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“PEOPLE ARE OUT PROTESTING a lot in Portland, so I feel bad telling ’em to stop protesting and come to my show so just, you know, follow your heart.” This was Doug Benson’s invocation to Portland comedy fans on the most recent episode of his podcast Doug Loves Movies, as he made his “Doug plugs,” announcing his upcoming touring schedule to a giggling crowd in Sacramento.

It was a gracious little verbal high-five to Portland, and the laughter that followed felt like a tiny miracle beaming through my earbuds.

Like any good millennial, I subscribe to more podcasts than I can keep up with, and listen to them all the time. But after Tuesday’s heartbreaking shitshow of an election night, I found I wasn’t ready to distract myself from what had happened, and I didn’t really want to, anyway. Grief is important. We should give it the space it requires.

So I skipped past chatty programs that didn’t acknowledge the bleak state of things. In an unfortunate convergence between the infrequency with which some podcasts are updated, or perhaps a misguided idea that distraction was possible and necessary, too many podcasts simply carried on as if nothing had happened. A few did not—Ann Friedman and Aminatou Sow’s post-election episode of Call Your Girlfriend is essential listening, and Karen Kilgariff and Georgia Hardstark’s normally true-crime-focused My Favorite Murder surprised me with its hosts’ unabashed disappointment and Hardstark’s comparison of living in America under a Trump regime to being brainwashed into joining a cult (“You’re in a cult, call your dad!”).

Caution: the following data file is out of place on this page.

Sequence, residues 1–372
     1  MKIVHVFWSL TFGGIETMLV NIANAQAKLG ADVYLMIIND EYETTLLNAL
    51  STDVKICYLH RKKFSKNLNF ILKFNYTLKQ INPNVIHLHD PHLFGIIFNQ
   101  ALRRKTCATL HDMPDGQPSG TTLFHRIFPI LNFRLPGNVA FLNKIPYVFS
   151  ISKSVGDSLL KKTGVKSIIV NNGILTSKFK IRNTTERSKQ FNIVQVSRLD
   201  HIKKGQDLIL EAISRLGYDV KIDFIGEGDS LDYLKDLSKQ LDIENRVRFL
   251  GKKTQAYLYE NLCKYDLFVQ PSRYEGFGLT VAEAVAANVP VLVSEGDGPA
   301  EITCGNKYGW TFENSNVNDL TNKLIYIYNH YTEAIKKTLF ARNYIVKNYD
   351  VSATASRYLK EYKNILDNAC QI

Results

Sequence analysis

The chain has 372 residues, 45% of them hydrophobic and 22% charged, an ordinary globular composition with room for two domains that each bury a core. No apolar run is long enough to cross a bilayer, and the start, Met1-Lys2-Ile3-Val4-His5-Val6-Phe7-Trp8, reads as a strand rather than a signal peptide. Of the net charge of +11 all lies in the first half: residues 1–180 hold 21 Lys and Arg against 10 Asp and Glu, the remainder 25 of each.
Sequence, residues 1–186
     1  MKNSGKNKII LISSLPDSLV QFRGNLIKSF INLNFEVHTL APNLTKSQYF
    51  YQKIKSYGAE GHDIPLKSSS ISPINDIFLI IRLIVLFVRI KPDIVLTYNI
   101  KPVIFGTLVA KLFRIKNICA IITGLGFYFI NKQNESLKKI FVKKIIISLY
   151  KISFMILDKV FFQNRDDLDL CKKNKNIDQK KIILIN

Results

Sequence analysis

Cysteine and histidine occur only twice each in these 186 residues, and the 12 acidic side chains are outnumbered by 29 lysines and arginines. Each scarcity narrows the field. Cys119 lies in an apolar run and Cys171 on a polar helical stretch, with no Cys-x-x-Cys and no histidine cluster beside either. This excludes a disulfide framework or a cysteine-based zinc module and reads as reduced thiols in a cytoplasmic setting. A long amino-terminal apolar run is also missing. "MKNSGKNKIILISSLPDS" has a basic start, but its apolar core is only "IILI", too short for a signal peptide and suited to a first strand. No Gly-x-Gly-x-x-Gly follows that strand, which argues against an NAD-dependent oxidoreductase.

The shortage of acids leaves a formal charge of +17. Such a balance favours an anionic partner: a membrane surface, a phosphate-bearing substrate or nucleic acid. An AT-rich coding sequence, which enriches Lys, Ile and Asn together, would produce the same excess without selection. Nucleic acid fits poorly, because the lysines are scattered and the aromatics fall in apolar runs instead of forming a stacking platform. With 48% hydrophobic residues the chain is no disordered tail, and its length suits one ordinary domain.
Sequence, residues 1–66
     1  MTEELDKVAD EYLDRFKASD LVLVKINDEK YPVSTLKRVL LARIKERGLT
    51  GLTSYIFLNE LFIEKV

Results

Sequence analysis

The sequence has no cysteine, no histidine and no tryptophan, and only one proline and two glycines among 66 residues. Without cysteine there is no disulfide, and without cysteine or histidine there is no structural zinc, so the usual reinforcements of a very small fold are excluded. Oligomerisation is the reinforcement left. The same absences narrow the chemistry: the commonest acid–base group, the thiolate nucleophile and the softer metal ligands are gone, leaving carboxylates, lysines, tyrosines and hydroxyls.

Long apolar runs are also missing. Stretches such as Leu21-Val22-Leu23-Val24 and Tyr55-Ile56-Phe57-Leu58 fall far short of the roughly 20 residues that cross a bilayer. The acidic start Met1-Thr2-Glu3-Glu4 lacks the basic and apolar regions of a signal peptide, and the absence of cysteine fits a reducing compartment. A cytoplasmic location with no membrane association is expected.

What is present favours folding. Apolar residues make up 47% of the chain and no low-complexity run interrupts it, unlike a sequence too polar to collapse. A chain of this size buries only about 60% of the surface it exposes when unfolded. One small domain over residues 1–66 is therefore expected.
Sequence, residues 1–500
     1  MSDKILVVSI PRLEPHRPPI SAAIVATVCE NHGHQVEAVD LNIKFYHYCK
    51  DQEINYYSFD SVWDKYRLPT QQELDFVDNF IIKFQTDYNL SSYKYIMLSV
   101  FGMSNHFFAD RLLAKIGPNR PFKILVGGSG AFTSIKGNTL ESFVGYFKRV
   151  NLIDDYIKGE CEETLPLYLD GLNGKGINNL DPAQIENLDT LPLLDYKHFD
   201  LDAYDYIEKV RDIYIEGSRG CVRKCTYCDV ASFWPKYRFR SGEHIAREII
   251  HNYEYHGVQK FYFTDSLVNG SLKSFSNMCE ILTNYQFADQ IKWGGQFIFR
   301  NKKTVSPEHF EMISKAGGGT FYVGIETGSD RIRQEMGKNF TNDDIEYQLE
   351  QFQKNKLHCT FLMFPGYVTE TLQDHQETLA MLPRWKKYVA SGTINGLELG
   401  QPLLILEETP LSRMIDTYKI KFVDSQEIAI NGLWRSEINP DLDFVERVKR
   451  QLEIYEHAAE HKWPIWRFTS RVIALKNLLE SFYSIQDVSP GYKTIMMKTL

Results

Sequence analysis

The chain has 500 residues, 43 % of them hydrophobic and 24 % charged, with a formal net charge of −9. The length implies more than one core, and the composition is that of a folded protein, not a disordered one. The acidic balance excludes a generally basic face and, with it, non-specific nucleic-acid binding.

Benson’s podcast is one of these too, surprising though that may be for a show that’s dominated by stoner jokes and movie-trivia games and circuitous conversation that avoids boring tangents thanks only to Benson’s delightful, magnanimous presence as a moderator. Doug Loves Movies is kind of like NPR’s Wait Wait... Don’t Tell Me!, if that show was as funny as it thinks it is, or Leonard Maltin’s weird preface to Star Wars, if it was funny at all.

Doug Benson is someone you’re going to want to hang out with this week. Because we don’t need comedy to distract us from the state of the world. We need it so we can laugh about it, or see it differently, or at least understand that we aren’t alone in our sadness. So am I recommending that you attend a podcast recording scheduled at 4:20 pm stoned so you can cozy up to the horrors that surround us, the better to change them?

Yes, yes, I am doing exactly that. Or, you know, go to a protest. Follow your heart.